CA Hacked – Attackers Enabled Themselves to Impersonate Google.com

Published On August 30, 2011 | By Randy Sabett | Data Security, General, International
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A Dutch certification authority (CA) name Diginotar has been hacked and the attackers issued themselves at least one  rogue certificate in the name *.google.com.  As a result, the attackers can impersonate google.com on the web, and thereby seamlessly eavesdrop upon communications between computers that otherwise appear encrypted and secure.  At least two entities allegedly carried out this attack – first, a group known as Black.Spook and second, the Iranian government.

So how would one conduct a rogue certificate attack?  Well, a CA processes and vets a certificate request, and if the request appears legitimate, issues a digital certificate that ostensibly confirms that users can trust the certificate holder’s identity.  If a masquerader can convince the CA that it is a legitimate entity, the CA might erroneously issue a rogue certificate. Your next question might be:  OK, so why would anyone want a rogue certificate?  Having a rogue certificate allows the holder to impersonate the entity named in that digital certificate.  That means computers connecting to the systems of a rogue certificate holder will appear to be connecting to a legitimate domain, and the user’s browser will show a trusted, encrypted connection to the desired entity. In this case, the only entities that would be able to utilize a rogue *.google.com certificate would be ones that could reroute legitimate traffic intended for google.com through their own servers.  That generally means either a rogue ISP or a government.  With a rogue certificate such as *.google.com, for example, a government could conduct a number of different activities, including transparently monitoring the otherwise encrypted activities of its citizens.

In an announcement on the VASCO website (parent company of Diginotar) dated August 30, 2011, VASCO stated that the breach dated back to July 19, 2011 and that it “resulted in the fraudulent issuance of public key certificate requests for a number of domains, including Google.com.”  Stating that it “acted in accordance with all relevant rules and procedures,” the announcement goes on to explain that all rogue certificates were revoked.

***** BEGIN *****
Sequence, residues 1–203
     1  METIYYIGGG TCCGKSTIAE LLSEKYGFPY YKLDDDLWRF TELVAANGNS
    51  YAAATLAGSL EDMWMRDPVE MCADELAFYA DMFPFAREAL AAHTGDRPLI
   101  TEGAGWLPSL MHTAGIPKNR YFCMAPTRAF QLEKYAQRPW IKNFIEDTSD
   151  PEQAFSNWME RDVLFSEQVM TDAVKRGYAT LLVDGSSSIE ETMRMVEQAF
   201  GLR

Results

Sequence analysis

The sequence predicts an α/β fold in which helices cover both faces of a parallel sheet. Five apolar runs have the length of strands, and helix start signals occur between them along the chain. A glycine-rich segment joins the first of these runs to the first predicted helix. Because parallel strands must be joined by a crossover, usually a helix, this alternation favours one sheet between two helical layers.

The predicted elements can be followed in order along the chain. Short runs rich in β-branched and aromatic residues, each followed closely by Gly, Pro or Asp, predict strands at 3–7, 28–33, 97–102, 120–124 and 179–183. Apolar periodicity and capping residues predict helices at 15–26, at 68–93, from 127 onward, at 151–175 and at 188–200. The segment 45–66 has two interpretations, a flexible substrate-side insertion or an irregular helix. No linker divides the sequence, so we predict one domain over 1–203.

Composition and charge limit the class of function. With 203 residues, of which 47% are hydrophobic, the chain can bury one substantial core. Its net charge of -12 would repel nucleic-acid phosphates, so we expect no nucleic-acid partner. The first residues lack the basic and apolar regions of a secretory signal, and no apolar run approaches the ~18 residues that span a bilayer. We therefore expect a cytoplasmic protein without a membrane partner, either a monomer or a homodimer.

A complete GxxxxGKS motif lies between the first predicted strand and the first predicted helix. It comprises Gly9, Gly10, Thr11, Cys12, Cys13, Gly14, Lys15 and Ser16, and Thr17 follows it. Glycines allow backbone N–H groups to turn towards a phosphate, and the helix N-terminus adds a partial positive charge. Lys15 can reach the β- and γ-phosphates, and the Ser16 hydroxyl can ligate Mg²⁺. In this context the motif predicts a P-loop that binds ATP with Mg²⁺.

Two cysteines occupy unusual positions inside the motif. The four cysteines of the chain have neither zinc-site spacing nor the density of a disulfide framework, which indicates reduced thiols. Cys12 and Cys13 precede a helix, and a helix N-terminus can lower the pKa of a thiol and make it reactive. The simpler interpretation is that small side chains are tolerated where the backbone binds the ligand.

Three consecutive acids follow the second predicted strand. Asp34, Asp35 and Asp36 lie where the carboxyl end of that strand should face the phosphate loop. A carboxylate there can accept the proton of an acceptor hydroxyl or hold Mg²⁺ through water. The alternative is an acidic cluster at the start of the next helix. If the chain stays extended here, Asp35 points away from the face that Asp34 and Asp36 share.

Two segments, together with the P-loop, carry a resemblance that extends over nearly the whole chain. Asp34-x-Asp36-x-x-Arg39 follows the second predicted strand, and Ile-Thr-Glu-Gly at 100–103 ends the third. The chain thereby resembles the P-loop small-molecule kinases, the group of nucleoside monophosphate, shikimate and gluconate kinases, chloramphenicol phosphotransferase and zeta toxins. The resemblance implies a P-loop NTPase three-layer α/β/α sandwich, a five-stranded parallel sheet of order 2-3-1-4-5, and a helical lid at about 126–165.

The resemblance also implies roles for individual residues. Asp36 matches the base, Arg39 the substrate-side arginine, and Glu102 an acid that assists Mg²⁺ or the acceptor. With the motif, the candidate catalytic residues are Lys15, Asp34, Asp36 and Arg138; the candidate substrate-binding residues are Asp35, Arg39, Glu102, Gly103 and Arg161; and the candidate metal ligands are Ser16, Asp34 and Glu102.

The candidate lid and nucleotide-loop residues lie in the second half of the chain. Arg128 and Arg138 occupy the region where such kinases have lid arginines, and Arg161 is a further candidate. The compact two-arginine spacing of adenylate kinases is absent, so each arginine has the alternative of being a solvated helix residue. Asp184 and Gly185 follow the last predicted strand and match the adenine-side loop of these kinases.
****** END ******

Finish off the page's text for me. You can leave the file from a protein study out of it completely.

This incident, combined with other recent attacks on companies that provide authentication technologies or services, indicate the increasing importance of authentication in our networked infrastructure.  As more systems incorporate such mechanisms, attacks will increase as well, whether through social engineering or technology.  Although specific details of the Diginotar incident have not yet been released, anyone working with certificate or credential-based technologies should be particularly aware of the possibility of these kinds of attacks and how to avoid them.

About The Author

Randy V. Sabett joined ZwillGen as Counsel in 2011. He advises clients on information security, privacy, IT licensing, and intellectual property. Randy has over 20 years of infosec experience, including as an NSA crypto engineer and a CISSP. He works closely with companies in helping them develop strategies to protect and exploit their information and IP based on various evolving business models, including SaaS, mobile applications, cloud, and more traditional client/server architectures. Specific areas on which he focuses include information security, privacy, IT licensing, IP strategy, big data, metrics, active defense, venture capital, legislative matters, government contracting, digital and electronic signatures, federated identity, state and federal information security and privacy laws, identity theft, and data breaches. He also drafts and negotiates a variety of technology transaction agreements.

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